MaintenanceThe database maintenance is something crucial for the efficiency of the data access, the integrity and the reliability. Any database sooner or later will need a proper maintenance plan.
When a new tuple's version is generated by an update it can be put everywhere there's free space. Frequent updates can result in tuples moving across the data pages many and many times leaving a trail of dead tuples behind them. Because the dead tuples are physically stored but no longer visible this creates an extra overhead causing the table to bloat. Indices makes things more complicated because when a tuple changes page the index entry is updated to point the new page and because of the index's ordered structure, the bloating is more probable than the table.
vacuumVACUUM is a PostgreSQL specific command which reclaims back the dead tuple's space. When called without specifying a target table, the command processes all the tables in the database. Running regulary VACUUM have some beneficial effects.
- It reclaims back the dead tuple's disk space.
- It updates the visibility map making the index scans run faster.
- It freezes the tuples with old XID protecting from the XID wraparound data loss
A standard VACUUM's run, frees the space used by the dead rows inside the data files but doesn't returns the space to the operating system. VACUUM doesn't affects the common database activity but prevents any schema change on the processed table. Because the pages are rewritten, a VACUUM run increases substantially the I/O activity.
The presence of one or more empty pages in the table's end can be removed by VACUUM if an exclusive lock on the relation can be obtained immediately. When this happens the table is scanned backward to find all the empty pages and then it's truncated to the first not empty page. The index pages are scanned as well and the dead tuples are also cleared. The VACUUM's truncate scan works only on the heap data files. VACUUM'S performances are influenced by the maintenance_work_mem only if the table have indices, otherwise the VACUUM will run the cleanup sequentially without storing the tuple's references for the index cleanup.
To show the effect of the maintenance_work_mem let's build build a simple table with 10 million rows.
To have a statical environment we'll disable the table's autovacuum. More infos on autovacuum here 7.5. We'll also increase the session's verbosity to look out what's happening during the VACUUM's run.
We are now executing a complete table rewrite running an UPDATE without the WHERE condition. This will create 10 millions of dead rows.
Before running the VACUUM we'll change the maintenance_work_mem to a small value enabling the the timing to check the query duration.
During the VACUUM the the maintenance_work_mem is used to store an array of TCID referencing the dead tuples for the index cleanup. If the maintenance_work_mem is small and the dead rows are many, the memory fills up often. When this happens the table scan pauses and the index is scanned searching for the tuples stored into the array. When the index scan is complete the array of TCID is emptied and the table's scan resumes. Increasing the maintenance_work_mem to 2 GB7.1 the index scan is executed in one single run resulting in a VACUUM 32 seconds faster.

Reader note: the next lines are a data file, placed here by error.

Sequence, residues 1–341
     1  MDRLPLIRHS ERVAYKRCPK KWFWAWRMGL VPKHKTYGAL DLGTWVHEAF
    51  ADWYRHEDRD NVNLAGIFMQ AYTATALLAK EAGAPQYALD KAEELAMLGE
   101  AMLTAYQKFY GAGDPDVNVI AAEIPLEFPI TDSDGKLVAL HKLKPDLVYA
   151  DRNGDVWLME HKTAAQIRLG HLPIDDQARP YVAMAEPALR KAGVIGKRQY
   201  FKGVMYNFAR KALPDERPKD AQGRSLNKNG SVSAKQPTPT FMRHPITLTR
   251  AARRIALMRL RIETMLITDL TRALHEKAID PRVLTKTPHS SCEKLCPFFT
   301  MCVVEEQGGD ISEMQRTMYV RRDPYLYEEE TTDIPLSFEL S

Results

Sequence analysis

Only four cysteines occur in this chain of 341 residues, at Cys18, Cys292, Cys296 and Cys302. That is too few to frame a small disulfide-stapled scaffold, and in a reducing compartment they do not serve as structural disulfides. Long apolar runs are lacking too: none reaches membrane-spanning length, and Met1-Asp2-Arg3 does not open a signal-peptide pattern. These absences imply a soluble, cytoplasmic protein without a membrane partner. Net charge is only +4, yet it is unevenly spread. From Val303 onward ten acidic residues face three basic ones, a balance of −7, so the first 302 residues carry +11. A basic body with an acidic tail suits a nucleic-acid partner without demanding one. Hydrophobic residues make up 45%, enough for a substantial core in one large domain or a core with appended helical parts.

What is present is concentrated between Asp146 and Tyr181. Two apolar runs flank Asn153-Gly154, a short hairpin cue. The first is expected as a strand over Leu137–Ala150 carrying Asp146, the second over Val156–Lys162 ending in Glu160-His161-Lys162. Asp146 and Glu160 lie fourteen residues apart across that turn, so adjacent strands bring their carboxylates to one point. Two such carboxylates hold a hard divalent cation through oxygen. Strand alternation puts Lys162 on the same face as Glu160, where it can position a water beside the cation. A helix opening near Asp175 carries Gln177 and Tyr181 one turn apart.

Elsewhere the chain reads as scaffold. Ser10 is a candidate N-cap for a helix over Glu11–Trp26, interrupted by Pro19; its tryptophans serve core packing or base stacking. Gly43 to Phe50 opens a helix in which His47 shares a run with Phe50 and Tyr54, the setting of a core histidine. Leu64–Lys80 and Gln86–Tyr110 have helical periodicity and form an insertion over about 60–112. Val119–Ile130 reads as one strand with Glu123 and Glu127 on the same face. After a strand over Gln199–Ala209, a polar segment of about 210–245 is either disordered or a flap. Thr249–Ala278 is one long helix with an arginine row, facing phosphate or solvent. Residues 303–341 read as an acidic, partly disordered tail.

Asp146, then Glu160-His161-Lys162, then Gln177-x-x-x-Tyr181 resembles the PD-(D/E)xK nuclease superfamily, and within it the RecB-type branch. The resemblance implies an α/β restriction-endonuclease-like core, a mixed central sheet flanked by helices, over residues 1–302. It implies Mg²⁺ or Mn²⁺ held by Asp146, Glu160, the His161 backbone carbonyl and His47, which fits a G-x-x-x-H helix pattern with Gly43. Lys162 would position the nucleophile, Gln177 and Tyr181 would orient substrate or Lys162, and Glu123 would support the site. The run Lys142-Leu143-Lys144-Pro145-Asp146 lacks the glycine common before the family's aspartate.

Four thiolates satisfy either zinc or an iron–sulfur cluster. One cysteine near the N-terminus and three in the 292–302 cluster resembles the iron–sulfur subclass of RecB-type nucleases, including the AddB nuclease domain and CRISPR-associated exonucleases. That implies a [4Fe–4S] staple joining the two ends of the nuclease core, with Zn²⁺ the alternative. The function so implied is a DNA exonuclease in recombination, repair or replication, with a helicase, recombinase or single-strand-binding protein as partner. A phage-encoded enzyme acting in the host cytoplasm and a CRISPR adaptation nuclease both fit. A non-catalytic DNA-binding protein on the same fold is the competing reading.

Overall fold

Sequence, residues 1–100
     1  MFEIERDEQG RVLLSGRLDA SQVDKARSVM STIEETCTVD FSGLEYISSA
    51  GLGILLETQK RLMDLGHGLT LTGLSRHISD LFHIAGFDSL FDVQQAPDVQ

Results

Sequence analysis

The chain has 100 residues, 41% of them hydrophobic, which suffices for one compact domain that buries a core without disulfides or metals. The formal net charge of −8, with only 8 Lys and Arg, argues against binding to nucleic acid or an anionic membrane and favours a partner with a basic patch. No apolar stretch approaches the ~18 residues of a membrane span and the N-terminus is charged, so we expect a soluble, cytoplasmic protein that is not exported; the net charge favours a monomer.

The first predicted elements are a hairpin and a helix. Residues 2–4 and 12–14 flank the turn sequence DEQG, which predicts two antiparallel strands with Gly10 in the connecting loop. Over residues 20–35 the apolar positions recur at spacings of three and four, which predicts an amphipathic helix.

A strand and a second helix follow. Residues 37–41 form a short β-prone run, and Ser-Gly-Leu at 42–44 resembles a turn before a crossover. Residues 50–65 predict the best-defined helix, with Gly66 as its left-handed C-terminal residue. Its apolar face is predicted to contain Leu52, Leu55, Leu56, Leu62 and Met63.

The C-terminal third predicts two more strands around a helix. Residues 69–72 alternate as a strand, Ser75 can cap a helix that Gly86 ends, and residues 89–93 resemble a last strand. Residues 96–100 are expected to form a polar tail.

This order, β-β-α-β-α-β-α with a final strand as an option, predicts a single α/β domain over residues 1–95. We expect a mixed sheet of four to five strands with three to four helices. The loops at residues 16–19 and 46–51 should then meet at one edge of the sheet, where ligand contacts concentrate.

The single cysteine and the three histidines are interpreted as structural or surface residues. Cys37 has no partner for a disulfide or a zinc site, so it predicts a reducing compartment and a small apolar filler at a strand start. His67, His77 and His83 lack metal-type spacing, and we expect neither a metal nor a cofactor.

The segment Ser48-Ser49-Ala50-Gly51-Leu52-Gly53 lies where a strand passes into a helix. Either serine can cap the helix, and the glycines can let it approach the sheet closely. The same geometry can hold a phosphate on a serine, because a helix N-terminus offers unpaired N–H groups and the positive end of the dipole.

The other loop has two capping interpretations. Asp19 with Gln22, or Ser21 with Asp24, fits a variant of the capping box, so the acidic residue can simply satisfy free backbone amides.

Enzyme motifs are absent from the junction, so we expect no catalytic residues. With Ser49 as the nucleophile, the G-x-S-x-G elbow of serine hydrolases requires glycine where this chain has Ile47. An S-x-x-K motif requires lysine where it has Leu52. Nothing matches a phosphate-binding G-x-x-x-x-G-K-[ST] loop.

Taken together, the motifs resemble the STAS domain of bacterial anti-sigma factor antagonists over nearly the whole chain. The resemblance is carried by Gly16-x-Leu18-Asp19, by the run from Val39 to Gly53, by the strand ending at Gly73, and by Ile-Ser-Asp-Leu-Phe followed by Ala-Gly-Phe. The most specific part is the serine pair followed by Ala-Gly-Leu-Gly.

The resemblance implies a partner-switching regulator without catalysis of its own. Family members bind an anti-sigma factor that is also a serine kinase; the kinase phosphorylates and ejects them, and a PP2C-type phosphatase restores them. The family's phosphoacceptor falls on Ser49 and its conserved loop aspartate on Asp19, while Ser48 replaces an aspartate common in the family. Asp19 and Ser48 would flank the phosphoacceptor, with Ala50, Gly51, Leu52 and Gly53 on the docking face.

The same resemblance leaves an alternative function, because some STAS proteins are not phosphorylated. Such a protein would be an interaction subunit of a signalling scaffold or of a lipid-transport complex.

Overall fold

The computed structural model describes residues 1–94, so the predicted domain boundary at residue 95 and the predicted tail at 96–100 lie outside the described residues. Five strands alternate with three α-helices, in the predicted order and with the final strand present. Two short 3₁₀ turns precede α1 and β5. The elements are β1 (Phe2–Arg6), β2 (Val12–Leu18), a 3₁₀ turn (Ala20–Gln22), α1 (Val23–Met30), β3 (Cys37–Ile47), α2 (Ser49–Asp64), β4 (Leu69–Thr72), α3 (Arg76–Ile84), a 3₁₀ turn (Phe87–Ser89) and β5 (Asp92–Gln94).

A table without indices does use the maintenance_work_mem. For example if we run the VACUUM after dropping the table's primary key the execution is faster even with the low maintenance_work_mem setting.
The table seen in the example begins with a size of 806 MB . After the update the table double its size which remains the same during the VACUUM runs the updates. This happens because after the first insert the table had all the rows packed together; the update added in the table's bottom the new row versions leaving the previous 10 millions row on the table's top as dead tuples. The VACUUM's run cleared the space on the table's top but weren't able to truncate because all the rows packed in the table's bottom. Running a new UPDATE followed by VACUUM would free the space in the table's bottom and a truncate scan would succeed but only if there's no tuple in the table's end free space. To check if the vacuum is running effectively the tables should show an initial growt followed by a substantial size stability in time. This happens only if the new rows are versioned at the same rate of the old rows clear down.
The XID wraparound failure protection is performed automatically by VACUUM which when it finds a live tuple with a t_xmin's age bigger than the GUC parameter vacuum_freeze_min_age, then it replaces the tuple's creation XID with the FrozenXID preserving the tuple's visibility forever. Because VACUUM by default skips the pages without dead tuples it will miss some aging tuples. That's the reason why it's present a second GUC parameter, vacuum_freeze_table_age, which triggers a VACUUM's full table scan when the table's relfrozenxid age exceeds the value.
VACUUM accepts the FREEZE clause which forces a complete tuple freeze regardless to the age. That's equivalent to run the VACUUM setting the vacuum_freeze_min_age to zero.
There are few GUC parameters controlling VACUUM